Isoflavonoid levels in soybean (Glycine max) cultivars and associated anti-herbivore activity

PRINCIPAL INVESTIGATOR

Ian Scott & Sangeeta Dhaubhadel

RESEARCH INSTITUTION

Agriculture and Agri-Food Canada

PROJECT START

April 2017

PROJECT END

June 2019

OBJECTIVES

  • Investigate the genetic resistance to important herbivore pests in Ontario soybean: the soybean aphid (key insect pest) and the two spotted spider mite (emerging pest).
  • Measure the isoflavonoid concentration in leaves of several soybean cultivars.
  • Screen resistance to insects, soybean aphid and spider mites, in soybean cultivars that differ in leaf isoflavonoid level and level of susceptibility.
  • Correlate isoflavonoid content with anti-insect/mite activity and damage in soybean cultivars.
  • Recommend resistant cultivars for planting or breeding.

IMPACT

  • The increased knowledge of soybean cultivar resistance to soybean aphids and spider mites may allow growers to better manage these pests through selecting soybean cultivars for Ontario based on resistance and pest forecasts.
  • Understanding the correlation between isoflavonoid concentrations and herbivore resistance in soybeans may lead to improved soybean breeding insect resistance and assess new cultivars that have recently been bred for other desirable traits.

SCIENTIFIC SUMMARY

Two important soybean pests are the soybean aphid (Aphis glycines) and the two-spotted spider mite (Tetranychus urticae). When populations of these two herbivores are high, there can be a severe reduction in soybean yield. The current strategy for aphid management involves monitoring and reacting by applying insecticides to reduce the aphid pressure. Spider mites are an emerging pest due to the increasing incidence of warmer, drier weather conditions in Ontario. Insecticides are applied to control high populations of aphids and mites; however, the over-use of insecticides may cause mite populations to flare up by reducing native beneficial enemies (lady bird beetles and predatory mites). Isoflavonoids are legume-specific plant natural products abundant in soybean. Their production is induced by herbivores, including hemipterans (e.g. stink bugs and aphids) and lepidopterans (e.g. armyworms and leaf worms), and are characterized by feeding inhibitory activity and growth inhibitory activity on herbivorous insects. Reducing the number of insecticide applications or delaying applications until later in the growing season by slowing aphid and mite population growth is the goal of developing more resistant soybean cultivars to these pests.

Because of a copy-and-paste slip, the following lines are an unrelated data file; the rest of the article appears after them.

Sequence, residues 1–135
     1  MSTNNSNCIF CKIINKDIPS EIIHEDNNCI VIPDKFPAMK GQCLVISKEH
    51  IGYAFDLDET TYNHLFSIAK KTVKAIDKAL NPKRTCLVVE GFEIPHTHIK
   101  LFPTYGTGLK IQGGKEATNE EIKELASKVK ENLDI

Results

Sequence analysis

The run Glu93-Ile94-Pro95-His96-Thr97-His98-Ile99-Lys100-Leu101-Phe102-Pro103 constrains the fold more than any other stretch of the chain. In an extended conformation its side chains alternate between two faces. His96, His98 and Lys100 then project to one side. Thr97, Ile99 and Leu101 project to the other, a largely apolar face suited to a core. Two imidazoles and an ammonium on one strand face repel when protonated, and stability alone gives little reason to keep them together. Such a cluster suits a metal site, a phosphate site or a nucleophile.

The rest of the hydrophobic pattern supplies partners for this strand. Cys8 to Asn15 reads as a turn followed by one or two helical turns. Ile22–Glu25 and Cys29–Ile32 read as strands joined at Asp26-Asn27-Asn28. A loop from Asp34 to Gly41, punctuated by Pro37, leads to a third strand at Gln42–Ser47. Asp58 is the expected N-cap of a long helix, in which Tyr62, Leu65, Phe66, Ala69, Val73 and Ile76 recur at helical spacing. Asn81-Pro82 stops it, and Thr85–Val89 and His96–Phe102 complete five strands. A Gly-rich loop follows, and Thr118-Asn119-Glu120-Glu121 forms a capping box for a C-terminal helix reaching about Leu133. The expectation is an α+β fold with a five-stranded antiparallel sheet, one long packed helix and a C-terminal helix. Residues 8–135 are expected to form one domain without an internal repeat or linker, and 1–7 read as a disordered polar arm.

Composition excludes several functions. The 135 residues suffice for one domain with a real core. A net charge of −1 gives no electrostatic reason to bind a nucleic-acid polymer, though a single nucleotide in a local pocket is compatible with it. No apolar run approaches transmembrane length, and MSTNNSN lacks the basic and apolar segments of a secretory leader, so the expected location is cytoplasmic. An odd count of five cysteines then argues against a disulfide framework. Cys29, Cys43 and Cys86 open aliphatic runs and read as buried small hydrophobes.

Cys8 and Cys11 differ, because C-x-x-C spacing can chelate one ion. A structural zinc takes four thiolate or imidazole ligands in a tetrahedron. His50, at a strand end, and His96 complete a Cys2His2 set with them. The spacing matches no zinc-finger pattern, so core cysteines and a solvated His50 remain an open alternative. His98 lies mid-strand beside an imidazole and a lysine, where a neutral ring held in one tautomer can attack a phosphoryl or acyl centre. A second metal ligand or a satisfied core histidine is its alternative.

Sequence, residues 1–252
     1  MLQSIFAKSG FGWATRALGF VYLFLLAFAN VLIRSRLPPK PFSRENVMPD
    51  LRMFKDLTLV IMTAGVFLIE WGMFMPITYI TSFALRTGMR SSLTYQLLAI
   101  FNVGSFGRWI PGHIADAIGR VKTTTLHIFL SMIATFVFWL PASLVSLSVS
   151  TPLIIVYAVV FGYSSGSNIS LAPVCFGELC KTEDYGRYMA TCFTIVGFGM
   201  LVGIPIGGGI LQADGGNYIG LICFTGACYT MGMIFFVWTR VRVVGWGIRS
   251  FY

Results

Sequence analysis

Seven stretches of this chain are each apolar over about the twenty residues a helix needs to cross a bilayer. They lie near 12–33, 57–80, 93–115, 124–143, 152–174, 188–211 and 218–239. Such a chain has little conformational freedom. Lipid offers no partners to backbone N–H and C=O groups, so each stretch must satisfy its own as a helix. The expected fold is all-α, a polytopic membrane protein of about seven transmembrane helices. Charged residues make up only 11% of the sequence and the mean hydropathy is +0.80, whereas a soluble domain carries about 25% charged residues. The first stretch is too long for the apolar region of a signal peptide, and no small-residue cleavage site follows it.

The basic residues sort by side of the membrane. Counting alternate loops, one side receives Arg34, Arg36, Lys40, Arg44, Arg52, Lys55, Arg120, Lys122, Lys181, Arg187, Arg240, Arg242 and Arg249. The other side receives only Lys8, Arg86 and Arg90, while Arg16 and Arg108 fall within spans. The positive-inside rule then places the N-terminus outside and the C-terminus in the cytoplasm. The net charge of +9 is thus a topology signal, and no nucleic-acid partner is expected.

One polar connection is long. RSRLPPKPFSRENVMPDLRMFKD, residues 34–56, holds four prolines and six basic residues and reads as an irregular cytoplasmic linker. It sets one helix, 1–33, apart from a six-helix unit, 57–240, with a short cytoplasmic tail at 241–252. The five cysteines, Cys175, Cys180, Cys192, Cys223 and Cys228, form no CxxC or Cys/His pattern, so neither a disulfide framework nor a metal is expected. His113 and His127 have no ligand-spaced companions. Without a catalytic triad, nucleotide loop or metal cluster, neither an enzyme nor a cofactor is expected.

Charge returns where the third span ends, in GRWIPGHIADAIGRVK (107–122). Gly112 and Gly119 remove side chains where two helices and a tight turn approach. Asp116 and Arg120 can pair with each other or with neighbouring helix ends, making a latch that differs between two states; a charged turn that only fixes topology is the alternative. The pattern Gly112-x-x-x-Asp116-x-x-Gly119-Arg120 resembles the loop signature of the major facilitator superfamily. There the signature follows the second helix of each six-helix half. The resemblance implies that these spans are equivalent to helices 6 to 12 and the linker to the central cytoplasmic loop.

This project examines the levels of isoflavonoids in leaves of several Ontario grown soybean cultivars to determine which compounds are most active and which cultivars are important for managing aphid and mite populations to provide an additional tool for soybean IPM. This project will screen resistance of several Ontario soybean cultivars from different maturity groups to the two pests by measuring plant damage as well as growth and reproduction of aphids and mites. Chromatographic techniques will be used for analysis of isoflavonoids in the resistant cultivars. Statistics will be used to correlate the biological and chemical data for isoflavonoids identified in the cultivars and the corresponding pest damage ratings. The findings can be used by growers to select cultivars with increased herbivore resistance when early season predictions indicate conditions preferable for aphid and/or mite infestations. The evidence will also provide direction for breeding or metabolic engineering of specific isoflavonoids into currently registered cultivars to improve their resistance.

Grain Farmers of Ontario is the province’s largest commodity organization, representing Ontario’s 28,000 barley, corn, oat, soybean and wheat farmers. The crops they grow cover 6 million acres of farm land across the province, generate over $2.5 billion in farm gate receipts, result in over $9 billion in economic output and are responsible for over 40,000 jobs in the province.